Thursday, 27 June 2013

The Sun Shines on the Righteous

I've already said that I feel Tuesday was a good day for probation. Well as it happens, and by a strange twist of fate, as the leaked Transforming Rehabilitation risk register story was breaking and their Lordships were preparing a nasty surprise for Chris Grayling, Professor Paul Senior was on his feet in sunny Cambridge delivering a carefully crafted and measured lecture on probation's future.

The annual Bill McWilliams Memorial Lecture has been a popular fixture in the probation calendar for the past 16 years and always strives to be topical. This year was no exception with Prof Senior provocatively choosing 'Privatising Probation : The Death Knell of a Much-Cherished Public Service? as his title. It seems the MoJ were only slightly appeased by the presence of a question mark, such is the level of sensitivity and insecurity about any serious debate on such matters nowadays.

I've had the pleasure of hearing Prof Senior lecture on a number of occasions and he never disappoints. With consummate mastery of the technology, a clear message and a perfect sense of the moment, he delivered a barn-storming performance. Whilst keeping his obviously passionate views about probation firmly under control, he never-the-less confirmed that if cut in half, 'probation' would indeed be written right through him.

The amazing thing about all this is just how many times we've been here before. An article from the Napo Journal in 1968 was entitled 'Is Probation to Die?' and of course it did in Scotland as criminal justice services became subsumed within Social Work Departments. 

Following a canter through our history, the missed opportunities and mistakes such as the breakup of ACOP and Ethnie Wallis cringingly promising David Blunkett that 'we were here to do his bidding', Prof Senior had much to say about our present predicament, but firmly from the point of view of the glass being half full, rather than half empty. He did not wish to depress us any further, but rather sound a note of optimism. Yes we had lost much of the good leadership in 2001, but he felt the current chiefs were doing their best in very difficult circumstances and the Probation Chiefs Association formed only in 2008 was being effective. 

He confirmed there was absolutely no evidence to support a case for change on the scale being proposed and there was nowhere in the world that was running offender rehabilitation in the way being suggested. Even those countries where the voluntary sector was involved, it was always firmly under state control. These plans were clearly not informed by evidence: they were definitely about saving money. At a time when arguably effective practice had never been better, it was ironic that the service faced break-up. The 21 contract areas, or 'chunks' as he called them, made no sense whatever, not having co-terminous boundaries with either Local Authorities or those of Police and Crime Commissioners.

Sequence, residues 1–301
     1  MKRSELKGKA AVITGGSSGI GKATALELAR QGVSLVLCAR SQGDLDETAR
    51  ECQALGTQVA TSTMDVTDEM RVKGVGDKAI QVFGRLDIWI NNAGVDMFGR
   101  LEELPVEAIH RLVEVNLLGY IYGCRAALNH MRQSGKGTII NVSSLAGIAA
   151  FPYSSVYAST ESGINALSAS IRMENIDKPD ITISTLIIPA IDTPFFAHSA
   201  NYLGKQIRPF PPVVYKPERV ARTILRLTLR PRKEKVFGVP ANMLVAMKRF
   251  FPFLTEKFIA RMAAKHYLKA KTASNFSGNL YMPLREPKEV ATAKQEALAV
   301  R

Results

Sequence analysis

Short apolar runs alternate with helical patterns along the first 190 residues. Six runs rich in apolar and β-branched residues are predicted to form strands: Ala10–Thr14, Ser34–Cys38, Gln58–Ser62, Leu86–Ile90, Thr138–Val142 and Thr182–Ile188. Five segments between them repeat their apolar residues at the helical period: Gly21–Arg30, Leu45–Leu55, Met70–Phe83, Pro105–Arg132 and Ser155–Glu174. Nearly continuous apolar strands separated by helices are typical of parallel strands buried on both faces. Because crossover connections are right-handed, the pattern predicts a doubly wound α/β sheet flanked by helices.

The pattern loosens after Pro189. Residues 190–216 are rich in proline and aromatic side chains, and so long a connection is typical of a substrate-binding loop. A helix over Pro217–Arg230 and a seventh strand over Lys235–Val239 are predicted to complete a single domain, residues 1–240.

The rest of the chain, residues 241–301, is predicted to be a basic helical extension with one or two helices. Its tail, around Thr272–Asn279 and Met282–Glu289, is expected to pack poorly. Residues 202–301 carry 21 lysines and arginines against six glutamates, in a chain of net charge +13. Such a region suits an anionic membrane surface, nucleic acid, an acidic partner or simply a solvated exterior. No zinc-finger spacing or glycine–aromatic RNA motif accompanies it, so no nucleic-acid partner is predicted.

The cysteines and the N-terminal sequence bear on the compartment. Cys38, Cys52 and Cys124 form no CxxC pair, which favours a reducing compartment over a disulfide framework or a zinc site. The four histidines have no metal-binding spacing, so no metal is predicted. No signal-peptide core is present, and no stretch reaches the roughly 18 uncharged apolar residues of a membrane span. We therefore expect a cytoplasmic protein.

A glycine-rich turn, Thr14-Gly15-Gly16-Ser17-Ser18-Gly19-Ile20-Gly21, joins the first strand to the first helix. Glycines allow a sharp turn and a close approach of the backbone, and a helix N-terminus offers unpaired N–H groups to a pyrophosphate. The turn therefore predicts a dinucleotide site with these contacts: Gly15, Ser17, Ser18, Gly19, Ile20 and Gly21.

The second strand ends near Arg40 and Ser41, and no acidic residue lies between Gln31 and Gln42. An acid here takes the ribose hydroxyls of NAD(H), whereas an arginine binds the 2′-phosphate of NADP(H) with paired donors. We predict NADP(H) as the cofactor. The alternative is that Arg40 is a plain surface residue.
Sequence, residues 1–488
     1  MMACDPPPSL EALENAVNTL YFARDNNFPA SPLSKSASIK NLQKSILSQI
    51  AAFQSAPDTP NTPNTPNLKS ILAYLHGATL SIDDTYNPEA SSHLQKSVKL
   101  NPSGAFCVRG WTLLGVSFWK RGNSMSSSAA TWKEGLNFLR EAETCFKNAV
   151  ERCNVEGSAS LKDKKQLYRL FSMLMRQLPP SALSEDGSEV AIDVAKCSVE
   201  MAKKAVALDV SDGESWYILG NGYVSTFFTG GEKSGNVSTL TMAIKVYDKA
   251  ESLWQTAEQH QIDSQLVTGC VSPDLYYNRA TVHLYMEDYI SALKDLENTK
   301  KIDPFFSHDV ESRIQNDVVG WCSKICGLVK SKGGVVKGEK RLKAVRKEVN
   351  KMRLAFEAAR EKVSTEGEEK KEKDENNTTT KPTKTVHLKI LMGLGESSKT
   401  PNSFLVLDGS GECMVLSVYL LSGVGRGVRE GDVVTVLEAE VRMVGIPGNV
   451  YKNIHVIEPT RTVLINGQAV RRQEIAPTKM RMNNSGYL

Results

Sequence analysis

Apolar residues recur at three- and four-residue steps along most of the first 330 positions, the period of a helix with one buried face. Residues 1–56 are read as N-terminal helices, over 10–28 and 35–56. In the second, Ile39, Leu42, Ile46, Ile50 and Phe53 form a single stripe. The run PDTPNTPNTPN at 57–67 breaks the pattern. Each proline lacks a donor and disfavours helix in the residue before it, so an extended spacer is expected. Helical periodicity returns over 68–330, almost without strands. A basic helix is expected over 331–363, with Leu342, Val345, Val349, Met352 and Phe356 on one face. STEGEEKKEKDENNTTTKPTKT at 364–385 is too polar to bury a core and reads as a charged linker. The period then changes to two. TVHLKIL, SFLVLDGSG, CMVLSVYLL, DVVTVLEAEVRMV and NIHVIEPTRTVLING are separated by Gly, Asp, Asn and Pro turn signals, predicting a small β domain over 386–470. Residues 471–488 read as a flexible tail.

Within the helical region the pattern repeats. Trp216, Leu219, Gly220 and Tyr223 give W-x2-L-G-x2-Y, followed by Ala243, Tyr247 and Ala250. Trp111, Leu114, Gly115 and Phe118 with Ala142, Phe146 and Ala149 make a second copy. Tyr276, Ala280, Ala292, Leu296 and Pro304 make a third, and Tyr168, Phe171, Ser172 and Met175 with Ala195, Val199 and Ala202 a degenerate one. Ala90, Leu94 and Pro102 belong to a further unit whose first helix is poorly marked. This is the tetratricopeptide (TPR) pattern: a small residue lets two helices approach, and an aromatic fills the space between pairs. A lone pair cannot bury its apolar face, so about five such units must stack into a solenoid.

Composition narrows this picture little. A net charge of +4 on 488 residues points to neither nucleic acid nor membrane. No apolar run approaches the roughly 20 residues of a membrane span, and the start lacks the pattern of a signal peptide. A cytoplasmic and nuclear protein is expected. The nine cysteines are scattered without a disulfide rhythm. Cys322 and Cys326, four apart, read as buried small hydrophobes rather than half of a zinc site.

Prof Senior did not wish to enter into the public good, private bad debate. The involvement of other players was a fact of life and he felt some good innovative practice was going on outside the public service. Interestingly he did not feel that the big winners from the bidding process would be the usual suspects such as G4S and Serco, but rather the myriad smaller service companies like Interserve, Mitie and Capita. Most had no knowledge of the work, but supposedly were good at 'back office' economies and would therefore have to rely completely on the expertise of the 'newco's' to inform and provide a quality service. The timescale for mutuals to be part of the process did not look promising. 

Although he had serious doubts about how effective the rump public probation service could be given it's limited size, Prof Senior was clear that the 'newco's' would be absolutely key in effectively keeping the professional flame burning. The establishment of a Probation Institute was long overdue and discussions were ongoing as to how this could be achieved.

There are 'straws in the wind' and none of us know with any degree of certainty how things are going to pan out. Despite everything, Prof Senior was clear that 'probation' remains a strong brand and has all the elements present to claim to be an institution. The term has widespread understanding and despite the demise of the 'probation order' many years ago, it was interesting to note that in service user surveys, clients still referred to being 'on probation'.  

The lecture was videoed and can be viewed here.          


  1. There is mention of Capita as being among smaller service companies. As I read things, Capita, with a market capitalisation of about 6 billion is twice the size of G4S.

    1. Good point! Couldn't remember all the other small ones lol

  2. "The amazing thing about all this is just how many times we've been here before. An article from the Napo Journal in 1968 was entitled 'Is Probation to Die?' and of course it did in Scotland as criminal justice services became subsumed within Social Work Departments."

    So is Scotland in any worse position, bearing in mind they have had many years to get used to it ?

    1. Scotland is very different - criminal justice staff doing the equivalent job of a PO have to be social work qualified - but it's in the process of changing. They are not going down the same route of privatising though.